Friday, November 19, 2010

When You Already Know The End

I think I spoke about this a little bit when Halo Reach came out, but it came back to my attention the other day when I was at the local Barnes and Noble with Atraties. We were looking through the books, and one in particular caught our eye. Looking at the back, it seemed to be a sci-fi war story about a losing battle. Atraties then made the comment that he liked those stories where you knew from the beginning how things were going to end. It got me thinking about that very same thing for RPGs.

Now, this isn't exactly a new concept. As I said before, I believe I've talked about this before. John Wick has certainly touched on it on some of his videos on Youtube (LordStrange for anyone interested in finding him). The idea behind it is fairly simple to. We play on the dramatic irony, the audience knows the ending but the characters don't, and use that to create a sense of desperation, and of course, despair.

Picture this scene. You're playing a swordsman, out for revenge against the man who killed your father. Only, you've spoken to the GM and have agreed that you aren't going to win when you get to that fight. You're going to lose, and lose badly. Now, you know this, and the GM knows this. The other players may or may not know it, but that isn't important for now. Now, with this knowledge the GM can tease you, and taunt you. He can set up minor encounters with your foe, is this the time you go down hard? Or is it set up? Will you even find out who the man is before or after? How hard do you push knowing that this is the man who will kill your character?

Do you see what is going on? There is a tension at play here, on the OOC level, that can help to fuel those IC interactions. Even if they don't know what is going on, the other players may pick up on them as well, and react in kind. If they do know, they can help play into it, and plan it out. If they don't know, how far will they go to try and save you, not knowing that your death is a foregone conclusion in that situation? It is a powerful thing.

Now, take that concept and bring it onto a wider scale. It isn't just one person, it is an entire planet. No one knows the planet is lost in character, sure they may suspect, some may resign themselves to it, but not everyone will. Some heroes will stand up, some heroes will keep fighting, and pushing. They'll pull off the miraculous to try and save that planet, and all the while it will be doomed to failure.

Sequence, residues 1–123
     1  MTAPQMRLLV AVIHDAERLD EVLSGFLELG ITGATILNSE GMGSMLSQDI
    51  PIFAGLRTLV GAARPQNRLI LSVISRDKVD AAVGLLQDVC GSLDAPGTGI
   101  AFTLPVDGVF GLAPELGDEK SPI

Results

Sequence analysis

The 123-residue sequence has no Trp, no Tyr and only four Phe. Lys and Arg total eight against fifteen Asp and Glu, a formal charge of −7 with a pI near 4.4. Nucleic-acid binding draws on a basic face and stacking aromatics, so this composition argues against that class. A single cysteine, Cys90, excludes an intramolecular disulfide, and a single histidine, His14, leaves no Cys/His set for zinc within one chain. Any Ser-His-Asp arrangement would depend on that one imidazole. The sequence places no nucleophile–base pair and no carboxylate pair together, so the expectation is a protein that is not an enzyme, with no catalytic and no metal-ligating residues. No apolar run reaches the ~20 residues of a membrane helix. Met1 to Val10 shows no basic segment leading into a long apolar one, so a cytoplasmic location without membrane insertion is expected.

Knowing how the end plays out can also help out in your game. See, in a story you get the feeling of desperation and can pick up on it, root for heroes that you know are doomed. In a game, you are those heroes. You are playing a game, and gosh darnit, you are going to try to win. However, when you know how that battle will end then you know what you are doing when you keep pushing. On the out of character level you know what is going on, and that takes the sting out of things. The GM is no longer relentlessly pushing and trying to kill everyone, he's let you in on the secret. This battle is a loss. You then have the choice to have your character be a hero on that field, or to be one of the ones who gets off planet to fight another day.

In a lot of ways, knowing the end - or at least the end in a broad stroke kind of way - can free you from the trappings of the game for those few sessions, and let you really delve into the story and the character. It is something I've only done on the small scale, but may be time to bring up on a larger scale in a game soon.

How about the rest of you? How do you feel about letting players in on some "What is coming up?" scenarios? Have you done them before? Good experiences? Bad? Let us know!

1 comment:

  1. We are going to be going through this type a scenario soon with our coming game. That's because I'm pretty much writing a good portion of the game that my best friend will run. I really don't know when anything will be brought up besides the first two quests.